One parable Jesus told addresses unjust things taking place on our planet. It is the parable of the poor widow and the unjust judge.
The unjust judge seemed totally unconcerned about the helpless widow pleading for justice. Then a sudden change in his behaviour takes place. Parable is found in Luke chapter 18. I will quote the last part of it in Luke 18:7.8: “Won’t God grant His chosen people justice when they cry out to Him day and night? Is He slow to help them? I tell you, He will give them justice quickly. But when the Son of Man comes, will He find faith on earth?”
We are troubled when helpless people are taken advantage of. It is happening everywhere around our planet. This parable Jesus told addressed problem of oppression, human injustice and indifference of those who are in place of authority do something about it. It compares the attitude of the unjust judge with that of God. It also compares the persevering faith attitude of the oppressed widow with that of the last generation of believers before Jesus’ Second Coming. Before Christ’s return world’s evil, greediness and oppression will grow into enormous proportions.
Many people blame God for allowing injustice and evil continue. They feel God doesn’t care and ignores their calls for help. In this parable Jesus points out that though His intervention may seem delayed, He will step in and act at the right time. The poor widow didn’t give up and eventually wore down the unjust judge so he decided in her favour. The question is: Is God like that – indifferent and uncaring? Do human cries for help have to wear Him down before He decides to act?
People question God’s goodness fairness and justice. Some reject Him altogether others give up their faith. We hear slogans like: “I don’t need God, I believe in me.” “If you don’t fight for it, you won’t get it.” Popular psychology teaches us to depend on ourselves and our own strength. In the mindset of modern secularism there is no room for faith in the goodness or justice of God. Because we don’t see the bigger picture, we misinterpret God’s long-suffering toward worse individuals. The One who cares for and loves the most unworthy understands influences that shaped unacceptable behaviours. He bears long with human perversity trying to woo the guilty to change. When in the “Sermon on the Mount” Jesus asked us to pray for and show love and kindness for those who take advantage of us, mistreat us and persecute us, He had in mind their change and salvation. Which father, mother does not feel for their wayward children? Is God any different? Misunderstanding God’s love for the erring can be costly to our faith.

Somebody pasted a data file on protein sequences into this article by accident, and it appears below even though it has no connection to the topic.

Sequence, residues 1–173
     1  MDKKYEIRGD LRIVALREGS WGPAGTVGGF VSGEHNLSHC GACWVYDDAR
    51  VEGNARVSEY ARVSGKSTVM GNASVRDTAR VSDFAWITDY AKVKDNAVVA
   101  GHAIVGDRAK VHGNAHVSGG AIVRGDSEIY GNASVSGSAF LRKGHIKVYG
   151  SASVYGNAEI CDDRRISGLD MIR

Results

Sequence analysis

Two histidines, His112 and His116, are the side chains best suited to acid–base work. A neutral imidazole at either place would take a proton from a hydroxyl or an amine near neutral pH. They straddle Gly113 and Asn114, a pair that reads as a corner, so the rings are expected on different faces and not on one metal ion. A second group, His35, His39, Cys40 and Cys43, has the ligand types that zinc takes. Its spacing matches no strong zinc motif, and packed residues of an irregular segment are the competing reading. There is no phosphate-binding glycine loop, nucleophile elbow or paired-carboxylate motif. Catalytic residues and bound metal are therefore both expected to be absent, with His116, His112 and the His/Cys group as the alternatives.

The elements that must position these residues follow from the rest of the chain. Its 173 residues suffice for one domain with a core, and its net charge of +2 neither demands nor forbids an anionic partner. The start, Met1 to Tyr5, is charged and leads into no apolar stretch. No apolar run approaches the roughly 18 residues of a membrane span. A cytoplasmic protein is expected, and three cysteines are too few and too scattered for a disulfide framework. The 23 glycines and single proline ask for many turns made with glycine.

After World War II, 80 per cent of Canadians attended some Christian church – some of them at least irregularly. Twenty per cent had not. Today that number is reversed and of the 20 per cent, many belong to other than Christian faith. What could be the reason? Growing segment of population questions goodness and justice of God.
Yet behind this rejection is a slumbering hope and longing for God’s love and companionship. Unfortunately there are many caricatures of God out there. Frustrated with religious confusion out there many post-moderns decided to carve out their own picture of god according to their own liking. Most people still have some belief in God or “Higher Power” somewhere up there – some look for god within themselves. Jesus came not only to die for guilty humanity and pay the highest price. He lived a beautiful life He both credits us with and shares with us. He came to show us what God is like to remove our fear and mistrust and to change our hearts. What an amazing and charming picture of loving Heavenly Father in life of Jesus we find in the Gospels. And what much better life it is to get to know Him personally and live in close relationship with Him.
Pastor Karel Samek
Visit Ashcroft 7th-Day Adventist church online at www.ashcroft22.adventistchurchconnect.org